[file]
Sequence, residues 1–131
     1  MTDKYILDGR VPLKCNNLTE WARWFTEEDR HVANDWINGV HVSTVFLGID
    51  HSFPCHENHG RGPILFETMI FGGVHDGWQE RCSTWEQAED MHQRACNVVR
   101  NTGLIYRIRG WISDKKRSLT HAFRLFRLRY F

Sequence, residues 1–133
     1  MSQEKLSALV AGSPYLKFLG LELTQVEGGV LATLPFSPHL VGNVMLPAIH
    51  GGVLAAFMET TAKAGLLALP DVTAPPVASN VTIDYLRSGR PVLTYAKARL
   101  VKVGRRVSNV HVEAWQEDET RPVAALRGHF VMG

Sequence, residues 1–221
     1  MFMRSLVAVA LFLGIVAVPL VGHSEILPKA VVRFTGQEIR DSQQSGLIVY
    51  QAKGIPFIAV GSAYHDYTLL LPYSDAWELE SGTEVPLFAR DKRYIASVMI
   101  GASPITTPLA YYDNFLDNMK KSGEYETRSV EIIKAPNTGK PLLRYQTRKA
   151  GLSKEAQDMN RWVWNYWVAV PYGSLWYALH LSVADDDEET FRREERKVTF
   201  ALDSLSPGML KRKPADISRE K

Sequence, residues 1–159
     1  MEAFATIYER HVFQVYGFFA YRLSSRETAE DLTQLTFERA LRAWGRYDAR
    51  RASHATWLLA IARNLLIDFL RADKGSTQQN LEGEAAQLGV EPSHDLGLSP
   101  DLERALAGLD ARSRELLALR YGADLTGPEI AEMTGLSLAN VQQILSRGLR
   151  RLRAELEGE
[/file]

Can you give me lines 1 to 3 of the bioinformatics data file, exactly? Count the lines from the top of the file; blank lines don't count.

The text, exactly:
Sequence, residues 1–131
     1  MTDKYILDGR VPLKCNNLTE WARWFTEEDR HVANDWINGV HVSTVFLGID
    51  HSFPCHENHG RGPILFETMI FGGVHDGWQE RCSTWEQAED MHQRACNVVR